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You Visit Tour. Webb Lion Fountain. June 1 2017. Photo David B. Hollingsworth

Service Learning Project Brings Environmental Sciences Students Outside to Support Monarchs for Monarchs Program

Students have really dug into their studies this week in Tatyana Lobova's Environmental Sciences course, and in the process, given a boost to Old Dominion University's innovative Monarchs for Monarchs project.

The project, which debuted last spring, saw ODU student, staff and faculty volunteers prepare plots of land and plant native milkweed, known as the perfect habitat and food source for threatened monarch butterfly populations.

This week, as a service initiative, Lobova, senior lecturer of biological sciences, has tasked the 400 students in her class with taking the Monarchs for Monarchs project outside of campus grounds.

"Thanks to the new partnership with the city of Norfolk's Department of Recreation, Parks and Open Space, we are expanding the butterfly garden into the Bluestone City Park in Larchmont," Lobova said.

Throughout the week, students from the Environmental Sciences course have prepared that site, along with other campus sites, for planting. Students in the spring course will plant milkweeds and other pollinator attracting flowers. Students in the class have also done shoreline cleanup, brush trimming and other "greening" projects around campus.

"We hope this project will bring more attention to the pollinators crisis in the U.S.," Lobova said.

The Monarchs for Monarchs program is a partnership among the Department of Biological Sciences of the College of Sciences, the ODU student Botany Club, the Orchid Conservatory, the ODU Grounds Department and Norfolk Botanical Garden.

Milkweed plants provide perfect habitat for monarch butterflies as they complete a multigenerational migration each fall and spring, traveling thousands of miles to and from wintering grounds in Mexico. Milkweed provides both food and habitat for the beautiful insects, and causes the monarchs - so named because they are considered to be the "king" of the butterflies - to secrete a toxin that makes them poisonous to predators, such as birds.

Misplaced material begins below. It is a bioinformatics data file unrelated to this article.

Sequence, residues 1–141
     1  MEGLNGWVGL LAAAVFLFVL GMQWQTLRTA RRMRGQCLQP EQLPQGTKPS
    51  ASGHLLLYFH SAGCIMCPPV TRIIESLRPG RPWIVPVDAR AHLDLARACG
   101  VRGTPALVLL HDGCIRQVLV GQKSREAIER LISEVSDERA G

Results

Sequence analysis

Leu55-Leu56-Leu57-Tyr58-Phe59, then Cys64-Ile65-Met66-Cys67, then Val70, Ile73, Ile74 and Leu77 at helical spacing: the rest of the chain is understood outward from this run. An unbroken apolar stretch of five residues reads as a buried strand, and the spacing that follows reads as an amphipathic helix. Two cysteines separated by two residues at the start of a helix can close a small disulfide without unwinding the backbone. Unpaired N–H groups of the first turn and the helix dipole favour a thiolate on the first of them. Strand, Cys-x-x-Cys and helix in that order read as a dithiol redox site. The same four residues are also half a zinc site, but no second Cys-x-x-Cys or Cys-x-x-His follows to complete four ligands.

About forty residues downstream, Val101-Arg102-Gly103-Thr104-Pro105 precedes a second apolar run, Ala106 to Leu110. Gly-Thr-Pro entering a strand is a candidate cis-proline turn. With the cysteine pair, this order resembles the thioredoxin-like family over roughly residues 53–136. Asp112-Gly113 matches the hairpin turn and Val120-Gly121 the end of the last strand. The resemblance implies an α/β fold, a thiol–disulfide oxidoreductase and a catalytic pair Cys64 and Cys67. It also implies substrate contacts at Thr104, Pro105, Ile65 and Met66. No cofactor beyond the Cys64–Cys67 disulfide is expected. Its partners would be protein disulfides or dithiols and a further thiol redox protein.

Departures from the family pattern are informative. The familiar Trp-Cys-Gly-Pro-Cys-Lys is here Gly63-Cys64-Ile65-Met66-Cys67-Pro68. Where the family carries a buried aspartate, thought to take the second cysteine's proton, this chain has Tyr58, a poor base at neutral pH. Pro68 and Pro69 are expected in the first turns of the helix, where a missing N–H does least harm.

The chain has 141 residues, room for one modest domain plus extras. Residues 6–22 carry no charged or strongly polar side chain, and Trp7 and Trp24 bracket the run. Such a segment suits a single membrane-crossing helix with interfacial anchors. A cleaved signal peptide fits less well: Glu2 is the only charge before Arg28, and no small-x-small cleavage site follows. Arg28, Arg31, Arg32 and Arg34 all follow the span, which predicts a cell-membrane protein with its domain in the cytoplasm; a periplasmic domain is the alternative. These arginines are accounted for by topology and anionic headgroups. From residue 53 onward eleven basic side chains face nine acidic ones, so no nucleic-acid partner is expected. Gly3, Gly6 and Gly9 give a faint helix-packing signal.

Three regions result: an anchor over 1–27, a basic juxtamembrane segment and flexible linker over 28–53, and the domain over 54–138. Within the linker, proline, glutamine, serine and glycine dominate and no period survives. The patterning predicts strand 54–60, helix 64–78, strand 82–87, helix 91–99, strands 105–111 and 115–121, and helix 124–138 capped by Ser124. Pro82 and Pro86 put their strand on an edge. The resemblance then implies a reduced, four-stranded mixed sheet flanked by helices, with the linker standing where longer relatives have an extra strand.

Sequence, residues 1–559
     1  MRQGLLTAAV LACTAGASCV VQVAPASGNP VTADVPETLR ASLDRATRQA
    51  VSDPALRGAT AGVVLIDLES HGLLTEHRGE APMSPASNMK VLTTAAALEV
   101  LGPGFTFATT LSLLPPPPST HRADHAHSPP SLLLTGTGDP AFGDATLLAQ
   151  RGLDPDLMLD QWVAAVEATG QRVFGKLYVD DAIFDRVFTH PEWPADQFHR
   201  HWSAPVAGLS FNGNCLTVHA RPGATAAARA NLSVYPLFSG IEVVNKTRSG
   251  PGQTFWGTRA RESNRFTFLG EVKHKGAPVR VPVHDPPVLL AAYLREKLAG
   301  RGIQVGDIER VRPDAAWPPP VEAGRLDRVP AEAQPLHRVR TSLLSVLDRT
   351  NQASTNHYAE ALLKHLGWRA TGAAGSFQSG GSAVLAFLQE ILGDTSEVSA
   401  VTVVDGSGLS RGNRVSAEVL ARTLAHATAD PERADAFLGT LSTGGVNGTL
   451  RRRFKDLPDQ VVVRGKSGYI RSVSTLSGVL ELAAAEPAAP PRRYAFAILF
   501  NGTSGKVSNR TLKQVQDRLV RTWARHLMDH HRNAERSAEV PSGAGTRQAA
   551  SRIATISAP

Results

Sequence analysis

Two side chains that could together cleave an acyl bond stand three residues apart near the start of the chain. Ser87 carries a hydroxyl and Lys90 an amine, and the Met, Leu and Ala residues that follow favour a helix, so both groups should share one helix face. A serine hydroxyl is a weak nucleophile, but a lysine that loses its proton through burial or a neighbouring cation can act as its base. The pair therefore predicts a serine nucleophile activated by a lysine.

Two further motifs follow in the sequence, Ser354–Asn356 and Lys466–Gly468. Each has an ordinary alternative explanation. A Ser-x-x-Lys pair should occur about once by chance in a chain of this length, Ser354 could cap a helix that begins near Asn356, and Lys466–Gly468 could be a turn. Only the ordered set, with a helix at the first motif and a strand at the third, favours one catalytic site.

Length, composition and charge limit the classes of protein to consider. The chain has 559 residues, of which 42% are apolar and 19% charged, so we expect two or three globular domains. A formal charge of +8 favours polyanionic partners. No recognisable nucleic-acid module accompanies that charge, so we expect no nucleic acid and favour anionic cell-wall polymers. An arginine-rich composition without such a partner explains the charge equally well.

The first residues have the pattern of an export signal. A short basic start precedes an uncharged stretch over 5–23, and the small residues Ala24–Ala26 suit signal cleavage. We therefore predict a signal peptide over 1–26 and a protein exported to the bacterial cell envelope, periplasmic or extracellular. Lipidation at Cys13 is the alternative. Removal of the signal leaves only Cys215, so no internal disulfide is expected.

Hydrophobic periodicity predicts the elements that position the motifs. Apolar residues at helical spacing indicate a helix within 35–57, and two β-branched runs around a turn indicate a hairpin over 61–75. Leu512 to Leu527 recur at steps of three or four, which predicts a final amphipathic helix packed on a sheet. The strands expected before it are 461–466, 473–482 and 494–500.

However, the population of monarch butterflies making the massive journey has declined sharply. The Monarchs for Monarchs program is part of a nationwide initiative to help the butterfly population stabilize. It's especially important here, because Norfolk and ODU are right on one of three main flyways the butterflies take on their migration.

Monarch butterflies typically are found in Norfolk throughout the summer and early fall. The butterflies that arrive here in the early summer are making their way back from their wintering grounds in Mexico. Monarch butterflies also leave and pass through the region during their fall migration south down the Atlantic Coast and west across the Gulf Coast.

Emily Eddins, Old Dominion University's Director of Service Learning, said Lobova's two Environmental Sciences classes nearly double the number of students taking a service-learning course at ODU this academic year.

"It is also the first formalized service-learning partnership done by an ODU class," Eddins said. "The City of Norfolk Department of Parks, Recreation and Open Space is excited about the collaboration, which aligns with Norfolk City Council's priorities of environmental sustainability and life-long learning.

In September, Old Dominion University was named to the 2014 President's Higher Education Community Service Honor Roll. The award marks the third consecutive time the University has been honored for its commitment to community engagement; however, this year the award was issued in the "With Distinction" category.

The honor roll "With Distinction" is given to applicants that "display strong levels of institutional commitment, provide a compelling case for partnerships that produce measurable impact in the community, and have a federal work-study community service percentage of 15 percent or above," according to a program description on the Corporation for National and Community Service's website.

The award was announced during the Fourth Annual President's Interfaith and Community Service Campus Challenge Gathering, at the George Washington University, in Washington D.C.

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